Metals released by the extraction with aqua regia, EDTA, dilute HCl and sequential extraction (SE) by the BCR protocol were studied in urban soils of Sevilla, Torino, and Glasgow. By multivariate analysis, the amounts of Cu, Pb and Zn liberated by any method were statistically associated with one another, whereas other metals were not. The mean amounts of all metals extracted by HCl and by SE were well correlated, but SE was clearly underestimated by HCl. Individual data for Cu, Pb and Zn by both methods were correlated only if each city was considered separately. Other metals gave poorer relationships. Similar conclusions were reached comparing EDTA and HCl, with much lower values for EDTA. Dilute HCl extraction cannot thus be recommended for general use as alternative to BCR SE in urban soils. - Dilute HCl extraction is tested as an alternative to the BCR sequential extraction in urban soils.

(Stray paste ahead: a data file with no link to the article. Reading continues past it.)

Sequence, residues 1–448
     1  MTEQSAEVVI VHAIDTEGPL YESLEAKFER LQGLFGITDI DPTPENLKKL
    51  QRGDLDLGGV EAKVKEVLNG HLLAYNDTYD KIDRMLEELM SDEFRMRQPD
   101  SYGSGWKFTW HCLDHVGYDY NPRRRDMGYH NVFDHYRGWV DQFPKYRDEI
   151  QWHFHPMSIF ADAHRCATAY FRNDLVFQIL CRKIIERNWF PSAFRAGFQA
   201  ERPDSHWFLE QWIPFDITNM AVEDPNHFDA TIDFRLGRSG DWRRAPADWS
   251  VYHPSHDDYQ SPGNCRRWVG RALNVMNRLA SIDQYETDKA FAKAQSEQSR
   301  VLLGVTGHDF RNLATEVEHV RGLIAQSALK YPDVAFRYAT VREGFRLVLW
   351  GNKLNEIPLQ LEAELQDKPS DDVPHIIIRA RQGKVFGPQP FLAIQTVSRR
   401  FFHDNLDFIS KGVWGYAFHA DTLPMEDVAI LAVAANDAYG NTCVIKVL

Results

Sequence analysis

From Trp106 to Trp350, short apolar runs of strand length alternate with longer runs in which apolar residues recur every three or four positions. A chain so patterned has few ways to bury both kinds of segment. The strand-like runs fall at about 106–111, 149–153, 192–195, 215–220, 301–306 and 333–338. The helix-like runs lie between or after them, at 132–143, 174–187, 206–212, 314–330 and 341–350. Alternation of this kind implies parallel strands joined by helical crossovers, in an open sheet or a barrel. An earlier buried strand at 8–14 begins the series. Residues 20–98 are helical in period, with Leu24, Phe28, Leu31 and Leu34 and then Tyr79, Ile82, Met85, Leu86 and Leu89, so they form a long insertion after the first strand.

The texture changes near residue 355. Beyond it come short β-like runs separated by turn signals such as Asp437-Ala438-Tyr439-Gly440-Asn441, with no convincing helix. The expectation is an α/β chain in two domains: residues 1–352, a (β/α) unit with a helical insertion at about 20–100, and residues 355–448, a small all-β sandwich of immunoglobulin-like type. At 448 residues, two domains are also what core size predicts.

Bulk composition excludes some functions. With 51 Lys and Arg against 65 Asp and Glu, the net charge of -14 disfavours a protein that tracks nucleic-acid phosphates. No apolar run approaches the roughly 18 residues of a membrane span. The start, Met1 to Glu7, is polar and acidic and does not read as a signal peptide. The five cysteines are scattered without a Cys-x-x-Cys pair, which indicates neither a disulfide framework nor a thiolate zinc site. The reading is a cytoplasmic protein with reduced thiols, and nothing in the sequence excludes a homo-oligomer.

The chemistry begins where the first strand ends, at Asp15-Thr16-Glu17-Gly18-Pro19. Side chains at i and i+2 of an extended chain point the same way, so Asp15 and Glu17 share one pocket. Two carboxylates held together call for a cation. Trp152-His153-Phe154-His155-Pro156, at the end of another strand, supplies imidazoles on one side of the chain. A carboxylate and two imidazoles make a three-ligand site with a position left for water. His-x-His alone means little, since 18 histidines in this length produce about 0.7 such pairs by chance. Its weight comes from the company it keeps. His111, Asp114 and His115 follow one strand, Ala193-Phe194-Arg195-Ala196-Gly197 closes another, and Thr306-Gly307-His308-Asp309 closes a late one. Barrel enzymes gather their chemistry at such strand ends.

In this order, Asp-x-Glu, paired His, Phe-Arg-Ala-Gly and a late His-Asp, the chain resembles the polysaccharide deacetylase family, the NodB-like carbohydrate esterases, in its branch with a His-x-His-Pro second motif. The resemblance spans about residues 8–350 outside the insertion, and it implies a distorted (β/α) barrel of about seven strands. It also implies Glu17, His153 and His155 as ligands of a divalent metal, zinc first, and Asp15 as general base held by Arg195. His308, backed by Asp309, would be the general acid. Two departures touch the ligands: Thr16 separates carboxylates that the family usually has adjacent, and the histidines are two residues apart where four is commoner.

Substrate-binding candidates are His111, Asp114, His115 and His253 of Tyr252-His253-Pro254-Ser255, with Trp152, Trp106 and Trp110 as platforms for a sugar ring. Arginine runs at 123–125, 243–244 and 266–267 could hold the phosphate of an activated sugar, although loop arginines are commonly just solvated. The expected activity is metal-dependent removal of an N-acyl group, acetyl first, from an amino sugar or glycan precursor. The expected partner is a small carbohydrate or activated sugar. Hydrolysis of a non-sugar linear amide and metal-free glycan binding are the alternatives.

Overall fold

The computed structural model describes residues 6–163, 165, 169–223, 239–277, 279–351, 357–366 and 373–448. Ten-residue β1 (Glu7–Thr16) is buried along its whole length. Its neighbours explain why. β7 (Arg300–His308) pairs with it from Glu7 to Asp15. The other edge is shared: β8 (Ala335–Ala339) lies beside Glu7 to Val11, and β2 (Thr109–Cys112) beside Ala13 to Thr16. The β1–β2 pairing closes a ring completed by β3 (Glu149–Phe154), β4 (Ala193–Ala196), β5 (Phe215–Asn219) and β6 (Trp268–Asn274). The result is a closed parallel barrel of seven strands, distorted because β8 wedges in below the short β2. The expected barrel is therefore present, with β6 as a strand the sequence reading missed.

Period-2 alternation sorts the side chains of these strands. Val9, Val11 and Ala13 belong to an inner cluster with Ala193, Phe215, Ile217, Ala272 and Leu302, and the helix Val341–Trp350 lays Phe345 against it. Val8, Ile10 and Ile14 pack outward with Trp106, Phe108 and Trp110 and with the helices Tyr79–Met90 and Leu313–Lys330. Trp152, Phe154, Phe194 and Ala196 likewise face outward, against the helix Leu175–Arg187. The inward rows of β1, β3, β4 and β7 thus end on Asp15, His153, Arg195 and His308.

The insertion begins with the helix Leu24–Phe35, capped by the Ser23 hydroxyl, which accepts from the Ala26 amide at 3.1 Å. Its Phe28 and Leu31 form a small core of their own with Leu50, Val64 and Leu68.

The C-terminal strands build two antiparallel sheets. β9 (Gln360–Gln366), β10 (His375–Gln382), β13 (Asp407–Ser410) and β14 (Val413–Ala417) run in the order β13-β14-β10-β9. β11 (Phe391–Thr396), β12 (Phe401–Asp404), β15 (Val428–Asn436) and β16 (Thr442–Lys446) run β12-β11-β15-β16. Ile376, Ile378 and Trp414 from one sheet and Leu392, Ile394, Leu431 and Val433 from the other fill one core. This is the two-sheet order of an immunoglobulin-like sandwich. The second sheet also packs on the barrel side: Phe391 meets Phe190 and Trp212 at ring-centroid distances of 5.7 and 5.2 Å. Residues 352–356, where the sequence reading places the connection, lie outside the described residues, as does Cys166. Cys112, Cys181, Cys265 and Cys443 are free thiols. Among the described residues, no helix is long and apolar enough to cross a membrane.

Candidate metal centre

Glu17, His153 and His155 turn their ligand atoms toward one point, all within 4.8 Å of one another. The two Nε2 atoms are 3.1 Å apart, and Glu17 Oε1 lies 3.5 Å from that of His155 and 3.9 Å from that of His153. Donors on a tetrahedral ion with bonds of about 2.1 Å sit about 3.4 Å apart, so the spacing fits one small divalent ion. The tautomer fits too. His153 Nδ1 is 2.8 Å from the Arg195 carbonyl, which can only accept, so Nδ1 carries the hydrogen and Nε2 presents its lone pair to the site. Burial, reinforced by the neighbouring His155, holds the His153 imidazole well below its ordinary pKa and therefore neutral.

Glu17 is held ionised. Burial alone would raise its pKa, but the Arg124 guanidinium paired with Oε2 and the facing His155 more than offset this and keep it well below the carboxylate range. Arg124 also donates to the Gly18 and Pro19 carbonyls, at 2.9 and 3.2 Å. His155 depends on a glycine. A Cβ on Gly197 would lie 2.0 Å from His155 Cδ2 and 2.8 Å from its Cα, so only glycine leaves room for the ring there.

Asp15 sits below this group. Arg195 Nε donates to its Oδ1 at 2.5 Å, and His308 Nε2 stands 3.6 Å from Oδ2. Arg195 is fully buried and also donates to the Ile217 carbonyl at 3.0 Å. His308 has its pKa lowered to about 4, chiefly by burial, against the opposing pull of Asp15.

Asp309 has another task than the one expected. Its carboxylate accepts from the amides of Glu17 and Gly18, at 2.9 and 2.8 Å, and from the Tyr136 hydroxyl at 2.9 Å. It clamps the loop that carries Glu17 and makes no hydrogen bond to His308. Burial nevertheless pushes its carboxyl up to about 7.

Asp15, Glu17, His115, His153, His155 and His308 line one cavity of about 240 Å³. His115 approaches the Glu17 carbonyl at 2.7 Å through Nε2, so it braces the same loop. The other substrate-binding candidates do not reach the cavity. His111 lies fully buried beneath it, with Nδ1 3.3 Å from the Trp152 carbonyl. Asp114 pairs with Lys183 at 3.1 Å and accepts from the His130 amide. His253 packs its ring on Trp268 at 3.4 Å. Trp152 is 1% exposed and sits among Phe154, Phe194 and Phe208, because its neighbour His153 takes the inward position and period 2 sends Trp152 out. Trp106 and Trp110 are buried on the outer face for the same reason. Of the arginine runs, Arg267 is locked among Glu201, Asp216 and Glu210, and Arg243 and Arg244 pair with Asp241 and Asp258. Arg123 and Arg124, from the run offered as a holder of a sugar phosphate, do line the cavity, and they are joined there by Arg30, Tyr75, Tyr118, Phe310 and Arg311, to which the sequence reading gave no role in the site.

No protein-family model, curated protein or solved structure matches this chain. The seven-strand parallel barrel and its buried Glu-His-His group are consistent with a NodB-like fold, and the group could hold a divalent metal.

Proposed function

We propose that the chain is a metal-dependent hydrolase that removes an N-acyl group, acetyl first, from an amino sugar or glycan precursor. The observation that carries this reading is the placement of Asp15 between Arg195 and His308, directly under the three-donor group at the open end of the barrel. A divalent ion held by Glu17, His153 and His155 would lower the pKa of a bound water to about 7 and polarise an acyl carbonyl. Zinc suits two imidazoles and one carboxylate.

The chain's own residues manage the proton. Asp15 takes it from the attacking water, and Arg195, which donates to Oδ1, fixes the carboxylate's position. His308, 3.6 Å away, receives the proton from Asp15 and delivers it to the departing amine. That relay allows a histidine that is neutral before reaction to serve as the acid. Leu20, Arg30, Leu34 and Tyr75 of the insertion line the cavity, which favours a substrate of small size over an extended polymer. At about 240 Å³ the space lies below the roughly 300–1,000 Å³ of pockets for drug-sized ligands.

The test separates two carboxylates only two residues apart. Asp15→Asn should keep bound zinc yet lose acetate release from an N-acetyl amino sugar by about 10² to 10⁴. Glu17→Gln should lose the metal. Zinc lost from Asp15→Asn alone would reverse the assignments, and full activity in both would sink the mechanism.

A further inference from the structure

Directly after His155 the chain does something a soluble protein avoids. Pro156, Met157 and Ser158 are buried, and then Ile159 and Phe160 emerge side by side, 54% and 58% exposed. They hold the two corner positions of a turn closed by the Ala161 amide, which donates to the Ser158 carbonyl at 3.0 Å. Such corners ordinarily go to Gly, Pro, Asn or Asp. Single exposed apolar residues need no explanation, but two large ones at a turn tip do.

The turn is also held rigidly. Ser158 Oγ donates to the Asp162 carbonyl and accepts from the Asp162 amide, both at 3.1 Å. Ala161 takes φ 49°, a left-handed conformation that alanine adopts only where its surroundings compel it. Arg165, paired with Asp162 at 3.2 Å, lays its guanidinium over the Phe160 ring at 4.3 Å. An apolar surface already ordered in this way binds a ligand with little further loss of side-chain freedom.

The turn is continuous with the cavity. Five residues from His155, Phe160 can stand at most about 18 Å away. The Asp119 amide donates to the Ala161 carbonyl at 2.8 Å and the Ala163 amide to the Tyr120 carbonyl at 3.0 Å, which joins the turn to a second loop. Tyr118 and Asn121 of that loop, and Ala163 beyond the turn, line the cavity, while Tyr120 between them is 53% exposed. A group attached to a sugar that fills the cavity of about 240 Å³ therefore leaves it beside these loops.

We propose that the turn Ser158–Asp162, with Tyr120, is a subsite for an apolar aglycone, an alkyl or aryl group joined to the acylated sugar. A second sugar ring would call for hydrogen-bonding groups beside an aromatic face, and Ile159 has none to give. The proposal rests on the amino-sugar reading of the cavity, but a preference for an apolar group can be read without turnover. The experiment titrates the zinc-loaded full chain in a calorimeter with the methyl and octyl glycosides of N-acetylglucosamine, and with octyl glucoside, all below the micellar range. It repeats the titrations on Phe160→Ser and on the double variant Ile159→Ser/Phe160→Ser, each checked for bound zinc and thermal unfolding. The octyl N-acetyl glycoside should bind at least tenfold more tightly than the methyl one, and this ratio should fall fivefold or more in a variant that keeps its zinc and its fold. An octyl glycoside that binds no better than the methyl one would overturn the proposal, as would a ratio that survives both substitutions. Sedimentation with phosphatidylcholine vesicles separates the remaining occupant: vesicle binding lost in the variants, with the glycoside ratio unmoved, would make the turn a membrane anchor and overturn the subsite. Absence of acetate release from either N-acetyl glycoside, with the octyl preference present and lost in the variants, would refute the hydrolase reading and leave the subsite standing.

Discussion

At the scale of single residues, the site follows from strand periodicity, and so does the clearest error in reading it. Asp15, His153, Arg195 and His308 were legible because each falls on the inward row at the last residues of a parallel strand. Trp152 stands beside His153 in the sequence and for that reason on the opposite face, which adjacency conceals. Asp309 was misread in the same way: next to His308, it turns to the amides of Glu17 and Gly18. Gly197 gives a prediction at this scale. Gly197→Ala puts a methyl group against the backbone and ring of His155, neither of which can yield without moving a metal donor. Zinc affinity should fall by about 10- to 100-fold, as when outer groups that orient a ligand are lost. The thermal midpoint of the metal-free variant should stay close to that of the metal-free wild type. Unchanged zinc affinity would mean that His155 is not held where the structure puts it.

5. Spatial Patterns of Soil Heavy Metals in Urban-Rural Transition Zone of Beijing

    Institute of Scientific and Technical Information of China (English)

    HU Ke-Lin; ZHANG Feng-Rong; LI Hong; HUANG Feng; LI Bao-Guo

    2006-01-01